Connecticut and every other state in the nation is dealing with failing infrastructure – and no money to pay for repairs.
State Sen. Raymond Lesniak, a Democrat, says the state’s roads and bridges are in “terrible condition,” and the tax would bring in an extra $240 million a year, according to a report.
State Sen. Ray Lesniak argues the roads are crumbling, and the proposed 4-cent per gallon increase each year for the next six years could pay for the needed improvements.
The report found New Jersey is one of 46 states that have a decrease in the number of miles driven since 2005.
It’s a controversial proposal: Paying for every mile you drive to cover road repairs. While some say it’s necessary, others are saying it’s time to put the brakes on the idea.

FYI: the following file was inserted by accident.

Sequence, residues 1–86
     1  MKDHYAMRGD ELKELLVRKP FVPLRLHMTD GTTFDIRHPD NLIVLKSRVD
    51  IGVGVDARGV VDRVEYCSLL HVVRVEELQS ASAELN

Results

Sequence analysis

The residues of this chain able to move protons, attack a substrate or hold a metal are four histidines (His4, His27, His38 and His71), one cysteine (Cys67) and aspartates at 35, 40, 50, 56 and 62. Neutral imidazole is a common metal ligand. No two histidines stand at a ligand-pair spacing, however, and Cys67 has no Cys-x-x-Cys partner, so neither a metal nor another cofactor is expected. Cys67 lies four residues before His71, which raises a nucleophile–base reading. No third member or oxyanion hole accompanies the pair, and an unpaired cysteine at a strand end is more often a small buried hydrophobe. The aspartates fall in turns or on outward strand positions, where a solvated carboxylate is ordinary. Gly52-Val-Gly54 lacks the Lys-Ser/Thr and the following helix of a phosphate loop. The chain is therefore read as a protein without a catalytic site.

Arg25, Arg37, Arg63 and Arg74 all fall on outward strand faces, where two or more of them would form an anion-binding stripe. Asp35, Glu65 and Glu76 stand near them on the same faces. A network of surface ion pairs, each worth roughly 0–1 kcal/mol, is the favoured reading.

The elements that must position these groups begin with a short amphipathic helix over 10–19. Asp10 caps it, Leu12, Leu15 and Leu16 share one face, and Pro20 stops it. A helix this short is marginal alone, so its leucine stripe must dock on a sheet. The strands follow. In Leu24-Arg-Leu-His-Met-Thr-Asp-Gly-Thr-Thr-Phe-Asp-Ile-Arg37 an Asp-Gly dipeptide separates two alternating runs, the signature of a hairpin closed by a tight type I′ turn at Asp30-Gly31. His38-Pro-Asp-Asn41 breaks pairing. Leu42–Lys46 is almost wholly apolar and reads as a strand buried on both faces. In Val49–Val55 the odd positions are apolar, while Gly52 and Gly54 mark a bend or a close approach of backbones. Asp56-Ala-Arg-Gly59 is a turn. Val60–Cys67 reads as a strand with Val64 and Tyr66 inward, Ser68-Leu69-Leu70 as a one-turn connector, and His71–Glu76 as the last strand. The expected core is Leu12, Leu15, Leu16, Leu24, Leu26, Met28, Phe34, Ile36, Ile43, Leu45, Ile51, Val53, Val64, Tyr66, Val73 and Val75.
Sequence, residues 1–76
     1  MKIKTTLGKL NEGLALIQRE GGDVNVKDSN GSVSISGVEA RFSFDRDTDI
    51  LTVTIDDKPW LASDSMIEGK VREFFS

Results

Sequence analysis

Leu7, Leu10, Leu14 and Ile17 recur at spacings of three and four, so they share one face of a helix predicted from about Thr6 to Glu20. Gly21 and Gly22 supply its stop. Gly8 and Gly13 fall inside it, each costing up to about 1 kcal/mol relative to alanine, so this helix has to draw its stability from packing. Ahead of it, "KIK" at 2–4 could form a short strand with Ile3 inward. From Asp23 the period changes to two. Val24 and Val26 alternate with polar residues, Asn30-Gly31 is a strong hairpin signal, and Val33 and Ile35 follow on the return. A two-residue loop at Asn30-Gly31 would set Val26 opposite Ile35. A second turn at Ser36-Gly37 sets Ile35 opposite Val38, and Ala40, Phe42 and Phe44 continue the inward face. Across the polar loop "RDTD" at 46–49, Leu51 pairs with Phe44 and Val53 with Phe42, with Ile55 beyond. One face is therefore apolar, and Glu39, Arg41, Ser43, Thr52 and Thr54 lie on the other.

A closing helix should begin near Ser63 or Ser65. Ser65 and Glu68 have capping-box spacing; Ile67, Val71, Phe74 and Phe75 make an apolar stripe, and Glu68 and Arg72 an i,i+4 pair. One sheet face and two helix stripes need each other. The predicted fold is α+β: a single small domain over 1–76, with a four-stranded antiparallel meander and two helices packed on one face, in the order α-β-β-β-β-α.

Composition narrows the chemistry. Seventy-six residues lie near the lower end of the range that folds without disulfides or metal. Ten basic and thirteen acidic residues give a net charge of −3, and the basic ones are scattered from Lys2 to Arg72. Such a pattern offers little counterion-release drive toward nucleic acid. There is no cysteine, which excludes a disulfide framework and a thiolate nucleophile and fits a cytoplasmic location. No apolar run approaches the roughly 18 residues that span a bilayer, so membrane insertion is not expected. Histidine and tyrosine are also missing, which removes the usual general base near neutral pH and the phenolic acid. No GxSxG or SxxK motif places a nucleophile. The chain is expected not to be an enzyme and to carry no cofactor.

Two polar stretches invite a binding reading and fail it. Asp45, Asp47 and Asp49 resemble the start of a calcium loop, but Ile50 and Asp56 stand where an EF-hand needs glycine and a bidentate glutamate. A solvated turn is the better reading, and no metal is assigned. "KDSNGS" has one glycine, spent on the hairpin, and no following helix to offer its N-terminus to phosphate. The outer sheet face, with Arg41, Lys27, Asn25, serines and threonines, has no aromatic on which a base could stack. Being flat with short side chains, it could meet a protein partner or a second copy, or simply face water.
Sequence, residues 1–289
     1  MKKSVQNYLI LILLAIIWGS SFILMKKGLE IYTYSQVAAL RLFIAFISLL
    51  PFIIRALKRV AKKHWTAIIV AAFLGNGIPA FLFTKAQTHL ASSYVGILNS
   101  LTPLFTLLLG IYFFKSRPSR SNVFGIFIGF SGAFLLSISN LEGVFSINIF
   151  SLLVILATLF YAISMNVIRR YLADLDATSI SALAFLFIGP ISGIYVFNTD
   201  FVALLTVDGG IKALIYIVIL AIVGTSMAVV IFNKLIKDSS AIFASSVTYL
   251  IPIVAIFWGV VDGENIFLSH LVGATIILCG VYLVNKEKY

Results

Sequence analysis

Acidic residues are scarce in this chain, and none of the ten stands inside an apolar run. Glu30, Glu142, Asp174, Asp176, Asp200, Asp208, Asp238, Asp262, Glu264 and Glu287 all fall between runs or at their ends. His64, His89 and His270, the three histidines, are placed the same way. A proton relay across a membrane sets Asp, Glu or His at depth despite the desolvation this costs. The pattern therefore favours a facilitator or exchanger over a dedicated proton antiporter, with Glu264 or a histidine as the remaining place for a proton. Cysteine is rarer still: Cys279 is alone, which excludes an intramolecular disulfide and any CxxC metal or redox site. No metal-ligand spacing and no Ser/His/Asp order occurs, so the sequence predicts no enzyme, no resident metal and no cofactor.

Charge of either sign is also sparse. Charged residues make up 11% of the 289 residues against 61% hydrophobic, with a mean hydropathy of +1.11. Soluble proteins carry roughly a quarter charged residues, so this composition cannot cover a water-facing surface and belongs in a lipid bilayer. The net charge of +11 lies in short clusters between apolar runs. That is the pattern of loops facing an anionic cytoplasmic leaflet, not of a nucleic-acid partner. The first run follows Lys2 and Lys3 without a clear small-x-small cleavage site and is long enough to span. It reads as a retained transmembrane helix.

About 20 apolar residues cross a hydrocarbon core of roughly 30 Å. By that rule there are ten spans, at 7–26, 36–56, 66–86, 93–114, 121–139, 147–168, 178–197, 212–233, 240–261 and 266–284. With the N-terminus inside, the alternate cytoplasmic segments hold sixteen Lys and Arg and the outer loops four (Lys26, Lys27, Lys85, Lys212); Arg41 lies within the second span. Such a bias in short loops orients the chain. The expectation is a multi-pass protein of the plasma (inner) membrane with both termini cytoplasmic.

New York is among the most congested cities in America and one of its highways the worst road for traffic in the country, according to a new study.
New York State Sen. Tony Avella, of Queens, is promoting a proposal that would require the city to tax gasoline sales at a flat rate, rather than as a percentage of the price per gallon.
St. Sen. Len Suzio is coralling the help of Connecticut’s citizens to cap a tax on gasoline in the Nutmeg State.
Connecticut now has the distinction of having the highest gasoline tax in the lower 48 states – a whopping 70.3 cents for every gallon purchased.
As the price of gasoline continues to rise across the Tri-State, a Rockland County legislator is trying to introduce a bill to cap the county’s sales tax.
About 2,000 idled construction workers will go back to work after Democrats in the New Jersey Legislature approved stopgap funding on Monday.